Motivation for the Collaborative Design SIG:

World leading partnerships have been built through the development of collaborative design practices. Collaborative design is seen by many as an ideal mechanism for exchanging knowledge. When operating effectively, these partnerships have had a significant beneficial impact on productivity and the economy. Research to date suggests that collaborative design can raise strategic, operational, commercial, and cultural challenges and the research also indicates eight broad reasons for collaborative failures. A detailed consideration of the mechanisms for successfully supporting the collaborative design process through a fundamental understanding of the conceptual elements of collaborative design (that require management and nurturing) is lacking.

The structure of a collaborative design partnership is not static in its nature. It evolves with the natural variation in the availability of the designers within the network and the technology that the designers use. It also evolves as a result of the strategic, operational, commercial and cultural factors mentioned above. This evolutionary nature presents challenges with respect to: the development of collaborative relationships to promote growth both individually and collaboratively; the management and sharing of intellectual property and the decision making process related to the management of the collaborative network.

Support for the fundamental aspects of collaboration is required for collaboration between geographically distributed and culturally different organisations to be effective. For example, information exchange is confounded by the confidential or restricted nature of the information as well as by other barriers to collaboration such as trust. Many existing software solutions for supporting collaboration are in reality no more than a means of exchanging information. For these solutions to be truly effective a characterisation and framework for collaborative design is required in order that appropriate architectures can be developed to meet the specific requirements of differing collaborative design situations.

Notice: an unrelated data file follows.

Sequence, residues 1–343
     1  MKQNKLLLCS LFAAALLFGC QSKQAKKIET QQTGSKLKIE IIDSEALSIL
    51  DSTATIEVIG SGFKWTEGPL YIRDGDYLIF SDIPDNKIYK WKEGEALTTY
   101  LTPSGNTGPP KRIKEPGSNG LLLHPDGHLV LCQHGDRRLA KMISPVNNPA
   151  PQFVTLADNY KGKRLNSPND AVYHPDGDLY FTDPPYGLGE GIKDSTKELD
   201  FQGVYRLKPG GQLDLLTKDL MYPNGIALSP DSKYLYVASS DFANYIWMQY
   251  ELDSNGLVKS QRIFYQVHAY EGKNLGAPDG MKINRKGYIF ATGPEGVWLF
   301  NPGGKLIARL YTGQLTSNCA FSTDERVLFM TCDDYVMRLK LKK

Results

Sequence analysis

Original goals:

The SIG was originally created to develop a collaborative design research agenda through considering the following questions:

  • Can collaborative design be characterised?
  • Identify and review global research activity in collaborative design, identifying current strengths, gaps and future priorities
  • What management and technical principles can be used to facilitate successful collaborative design?
  • What strategic, operational, commercial and cultural factors prevent successful collaborative design and how can these factors be mitigated against?
  • Can a collaborative design framework be developed to support the specific requirements of differing collaborative situations?
  • What decision support should be provided to facilitate decisions relating to the evolution of collaborative design partnerships?
  • What characteristics of collaborative design should be used as a basis for the development of software solutions for the support of distributed collaborative design?
  • What are the key challenges and research priorities based on the current and future economic, cultural and social environment?


  • Dr Ian Robert Whitfield, University of Strathclyde, UK.
  • Dr Avril Thompson, University of Strathclyde, UK.
  • Prof. Jean-François Boujut, Grenoble Institute of Technology, France; 
  • Prof. Marie-Anne le Dain, Grenoble Institute of Technology, France;
  • Prof. Paul Chamberlain, Sheffield Hallam University, UK.

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